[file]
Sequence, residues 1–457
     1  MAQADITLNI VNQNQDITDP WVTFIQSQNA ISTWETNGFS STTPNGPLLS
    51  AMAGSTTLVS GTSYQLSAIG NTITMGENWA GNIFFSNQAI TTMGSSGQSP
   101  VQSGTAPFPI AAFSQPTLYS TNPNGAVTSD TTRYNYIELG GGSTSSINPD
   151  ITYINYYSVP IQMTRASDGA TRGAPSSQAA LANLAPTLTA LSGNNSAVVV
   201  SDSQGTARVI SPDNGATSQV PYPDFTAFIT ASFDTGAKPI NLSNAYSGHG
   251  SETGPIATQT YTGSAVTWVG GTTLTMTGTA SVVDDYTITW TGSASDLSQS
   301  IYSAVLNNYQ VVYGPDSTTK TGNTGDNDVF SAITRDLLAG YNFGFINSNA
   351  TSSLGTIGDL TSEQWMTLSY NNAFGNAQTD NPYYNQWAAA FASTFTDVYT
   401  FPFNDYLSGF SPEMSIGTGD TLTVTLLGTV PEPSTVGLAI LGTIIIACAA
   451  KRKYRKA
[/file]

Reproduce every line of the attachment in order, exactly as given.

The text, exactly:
Sequence, residues 1–457
     1  MAQADITLNI VNQNQDITDP WVTFIQSQNA ISTWETNGFS STTPNGPLLS
    51  AMAGSTTLVS GTSYQLSAIG NTITMGENWA GNIFFSNQAI TTMGSSGQSP
   101  VQSGTAPFPI AAFSQPTLYS TNPNGAVTSD TTRYNYIELG GGSTSSINPD
   151  ITYINYYSVP IQMTRASDGA TRGAPSSQAA LANLAPTLTA LSGNNSAVVV
   201  SDSQGTARVI SPDNGATSQV PYPDFTAFIT ASFDTGAKPI NLSNAYSGHG
   251  SETGPIATQT YTGSAVTWVG GTTLTMTGTA SVVDDYTITW TGSASDLSQS
   301  IYSAVLNNYQ VVYGPDSTTK TGNTGDNDVF SAITRDLLAG YNFGFINSNA
   351  TSSLGTIGDL TSEQWMTLSY NNAFGNAQTD NPYYNQWAAA FASTFTDVYT
   401  FPFNDYLSGF SPEMSIGTGD TLTVTLLGTV PEPSTVGLAI LGTIIIACAA
   451  KRKYRKA